“Roy was a very spiritual man. Being raised by grandparents and raised mainly in the bush, he had these wonderful teachings … how to look at things differently,” Louise Thomas said. “He certainly did look at things differently. Roy loved life; he never ever forgot where he came from. Never forgot his roots.”
Thomas was among the most influential and prolific of the second generation of artists in the Woodland Art style. Norval Morrisseau, another Thunder Bay–region artist, is considered the founder of the style, which emerged in the 1960s and ’70s mainly among Ahnishinaabe artists in northwestern Ontario. Roy brought a unique vision to his work.
“He never had a false note in anything that he touched,” Elizabeth McLuhan, guest curator for the Thunder Bay Art Gallery retrospective, said in an interview for “Voyage North” on CBC radio. “Personally he was his own man. He had his own particular vision of what he felt as a second-generation Anishinaabe artist, what he could bring to the mix.”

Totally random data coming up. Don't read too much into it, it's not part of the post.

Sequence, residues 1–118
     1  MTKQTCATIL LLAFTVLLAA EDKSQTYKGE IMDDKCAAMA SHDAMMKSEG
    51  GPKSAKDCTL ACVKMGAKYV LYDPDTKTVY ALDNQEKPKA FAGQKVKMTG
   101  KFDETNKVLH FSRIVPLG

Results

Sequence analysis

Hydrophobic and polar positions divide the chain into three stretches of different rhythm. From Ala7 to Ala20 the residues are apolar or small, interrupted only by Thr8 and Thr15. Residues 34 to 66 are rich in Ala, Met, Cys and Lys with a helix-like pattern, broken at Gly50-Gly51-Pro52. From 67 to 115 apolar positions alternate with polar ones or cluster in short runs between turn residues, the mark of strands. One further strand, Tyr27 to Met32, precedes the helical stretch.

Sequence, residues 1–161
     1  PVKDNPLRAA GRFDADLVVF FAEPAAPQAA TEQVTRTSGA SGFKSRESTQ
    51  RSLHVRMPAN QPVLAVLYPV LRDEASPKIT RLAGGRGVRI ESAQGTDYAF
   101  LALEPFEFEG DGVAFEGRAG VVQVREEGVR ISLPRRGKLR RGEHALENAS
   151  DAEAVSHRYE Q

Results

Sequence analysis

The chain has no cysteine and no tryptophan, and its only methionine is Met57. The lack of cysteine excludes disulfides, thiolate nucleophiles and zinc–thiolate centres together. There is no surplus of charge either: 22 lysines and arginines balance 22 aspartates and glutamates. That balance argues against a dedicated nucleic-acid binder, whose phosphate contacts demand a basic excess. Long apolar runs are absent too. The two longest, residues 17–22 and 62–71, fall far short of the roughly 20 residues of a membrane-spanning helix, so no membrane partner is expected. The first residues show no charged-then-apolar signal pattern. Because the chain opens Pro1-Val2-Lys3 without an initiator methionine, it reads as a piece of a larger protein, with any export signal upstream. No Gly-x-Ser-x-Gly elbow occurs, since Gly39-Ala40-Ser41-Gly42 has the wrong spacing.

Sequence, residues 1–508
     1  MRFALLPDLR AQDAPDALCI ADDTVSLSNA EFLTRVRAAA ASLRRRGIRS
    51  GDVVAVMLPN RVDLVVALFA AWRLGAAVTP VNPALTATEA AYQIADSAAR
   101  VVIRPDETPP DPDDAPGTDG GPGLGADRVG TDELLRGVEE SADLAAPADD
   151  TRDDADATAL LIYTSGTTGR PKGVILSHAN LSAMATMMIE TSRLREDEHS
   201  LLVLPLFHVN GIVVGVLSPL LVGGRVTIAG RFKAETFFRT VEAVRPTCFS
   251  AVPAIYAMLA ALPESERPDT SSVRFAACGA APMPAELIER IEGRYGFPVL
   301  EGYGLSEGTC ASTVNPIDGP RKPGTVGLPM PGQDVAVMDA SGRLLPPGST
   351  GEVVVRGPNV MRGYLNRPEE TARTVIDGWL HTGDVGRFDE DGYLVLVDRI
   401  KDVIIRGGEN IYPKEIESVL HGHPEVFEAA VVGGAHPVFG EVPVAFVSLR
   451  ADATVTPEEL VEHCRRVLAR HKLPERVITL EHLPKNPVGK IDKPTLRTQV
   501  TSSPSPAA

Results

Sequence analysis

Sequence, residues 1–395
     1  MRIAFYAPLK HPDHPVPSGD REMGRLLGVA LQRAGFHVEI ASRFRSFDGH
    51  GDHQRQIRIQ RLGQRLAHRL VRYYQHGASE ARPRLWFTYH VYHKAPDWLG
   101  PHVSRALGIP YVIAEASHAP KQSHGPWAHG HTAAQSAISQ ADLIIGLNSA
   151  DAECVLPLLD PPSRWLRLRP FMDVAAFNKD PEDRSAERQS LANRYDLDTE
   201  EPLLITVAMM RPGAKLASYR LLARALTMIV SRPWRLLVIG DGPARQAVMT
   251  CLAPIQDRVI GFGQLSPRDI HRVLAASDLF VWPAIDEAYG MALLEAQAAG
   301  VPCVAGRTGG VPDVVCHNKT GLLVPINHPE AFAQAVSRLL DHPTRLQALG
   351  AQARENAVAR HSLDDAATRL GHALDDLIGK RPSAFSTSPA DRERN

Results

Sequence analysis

Thomas began drawing at age 6. He attended a residential school and was 13 when his parents and grandparents were killed in a car accident. He traveled and worked odd jobs after leaving school at 15. In his youth he struggled with alcohol addiction, which he overcame. He was 16 when he met Morrisseau; both were in jail in Geraldton. Thomas watched Morrisseau, almost 20 years his senior, painting on birchbark. Thomas said he too was a painter. Morrisseau encouraged him to continue his painting; it was advice the teenager would follow. Thomas took on manual work but also focused on his art.
By 1966, Thomas had his first solo exhibit at the Nightingale Gallery in Toronto. By 1977, the Pollock Gallery, also in Toronto, mounted a solo exhibit of Thomas’s work. He had annual exhibitions in that gallery until 1980.
Louise Thomas met her future husband in 1985 in Alberta, where she was working for an organization that gave business assistance to provincial artists. At a dance, her friend who worked for an Edmonton rehabilitation and treatment center introduced her to Roy. Both the friend and Roy were from Longlac.